Traumatic Encephalopathy Center’s Co-Director Talks Junior Seau, Safety Issues In Football

PITTSBURGH (93-7 THE FAN) — Dr. Robert Cantu, the co-director of the Center for the Study of Traumatic Encephalopathy at the Boston University School of Medicine, joined Starkey and Miller on Sports Radio 93-7 The FAN to talk about the latest news on the study of Junior Seau’s brain and how dangerous football is for players long-term health.

We open things up discussing Junior Seau’s final years, the signs he had shown of having CTE, and Dr. Cantu’s assumption based off the information he has seen, that the major factor in the case of Seau’s brain damage stemmed from the hits he took throughout his NFL career.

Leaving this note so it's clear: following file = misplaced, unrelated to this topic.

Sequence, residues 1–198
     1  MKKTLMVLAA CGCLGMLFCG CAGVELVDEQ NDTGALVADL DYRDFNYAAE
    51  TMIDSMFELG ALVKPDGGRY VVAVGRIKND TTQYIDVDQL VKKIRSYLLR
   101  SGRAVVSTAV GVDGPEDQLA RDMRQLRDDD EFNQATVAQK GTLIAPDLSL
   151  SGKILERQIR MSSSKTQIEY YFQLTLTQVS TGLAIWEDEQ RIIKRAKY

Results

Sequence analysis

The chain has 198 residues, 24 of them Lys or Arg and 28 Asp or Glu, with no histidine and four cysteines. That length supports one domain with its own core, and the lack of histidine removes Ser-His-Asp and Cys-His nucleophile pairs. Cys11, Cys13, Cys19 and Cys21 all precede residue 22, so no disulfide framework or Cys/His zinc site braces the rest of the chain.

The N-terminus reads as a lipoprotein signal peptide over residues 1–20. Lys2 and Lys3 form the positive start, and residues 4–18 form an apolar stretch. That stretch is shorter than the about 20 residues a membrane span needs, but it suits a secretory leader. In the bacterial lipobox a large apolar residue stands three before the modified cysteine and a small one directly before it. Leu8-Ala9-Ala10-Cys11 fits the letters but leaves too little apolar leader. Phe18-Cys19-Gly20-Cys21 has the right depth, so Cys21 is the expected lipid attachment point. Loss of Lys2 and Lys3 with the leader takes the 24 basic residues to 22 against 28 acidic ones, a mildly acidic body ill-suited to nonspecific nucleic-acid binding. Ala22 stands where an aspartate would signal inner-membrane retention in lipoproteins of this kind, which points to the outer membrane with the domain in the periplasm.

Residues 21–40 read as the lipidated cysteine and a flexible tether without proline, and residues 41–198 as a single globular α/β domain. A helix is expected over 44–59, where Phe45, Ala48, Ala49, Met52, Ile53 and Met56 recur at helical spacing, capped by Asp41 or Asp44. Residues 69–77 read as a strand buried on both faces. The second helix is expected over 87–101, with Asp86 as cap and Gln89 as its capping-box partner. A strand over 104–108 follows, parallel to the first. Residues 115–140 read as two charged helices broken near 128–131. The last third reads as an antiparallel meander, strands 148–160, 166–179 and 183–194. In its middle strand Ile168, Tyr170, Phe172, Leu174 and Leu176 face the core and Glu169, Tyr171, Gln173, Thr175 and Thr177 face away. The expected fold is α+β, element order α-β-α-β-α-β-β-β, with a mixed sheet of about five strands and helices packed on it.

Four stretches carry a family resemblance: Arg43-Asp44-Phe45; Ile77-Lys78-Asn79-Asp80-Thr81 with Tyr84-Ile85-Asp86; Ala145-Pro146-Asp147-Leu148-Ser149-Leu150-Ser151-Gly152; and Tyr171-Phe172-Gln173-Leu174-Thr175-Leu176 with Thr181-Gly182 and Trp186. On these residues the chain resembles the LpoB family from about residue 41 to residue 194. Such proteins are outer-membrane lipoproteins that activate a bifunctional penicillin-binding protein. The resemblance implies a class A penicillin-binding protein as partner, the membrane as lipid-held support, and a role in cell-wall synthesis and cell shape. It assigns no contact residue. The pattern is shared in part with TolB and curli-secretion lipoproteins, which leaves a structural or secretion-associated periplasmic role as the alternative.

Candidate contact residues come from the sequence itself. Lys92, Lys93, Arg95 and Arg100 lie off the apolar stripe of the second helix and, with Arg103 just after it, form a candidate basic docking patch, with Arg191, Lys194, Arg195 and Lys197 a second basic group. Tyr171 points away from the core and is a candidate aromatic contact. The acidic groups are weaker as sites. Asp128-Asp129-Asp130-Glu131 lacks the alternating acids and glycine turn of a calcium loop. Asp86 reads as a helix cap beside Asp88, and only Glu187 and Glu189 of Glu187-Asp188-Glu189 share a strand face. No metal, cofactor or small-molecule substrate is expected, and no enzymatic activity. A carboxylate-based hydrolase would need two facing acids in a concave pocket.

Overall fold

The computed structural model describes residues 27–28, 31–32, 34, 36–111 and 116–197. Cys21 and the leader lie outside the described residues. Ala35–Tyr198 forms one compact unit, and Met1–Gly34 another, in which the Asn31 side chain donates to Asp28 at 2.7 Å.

Dr. Cantu told us he is recommending that in order to limit the effects of head trauma early in life, children should not be allowed to play tackle football until the age of 14.

One way players are working to try to prevent the onset of CTE is by experimenting with new equipment like Steeler James Harrison who is using a Kevlar helmet.  Dr. Cantu said such efforts are better than what players have done in the past, but not the solution to the problem.

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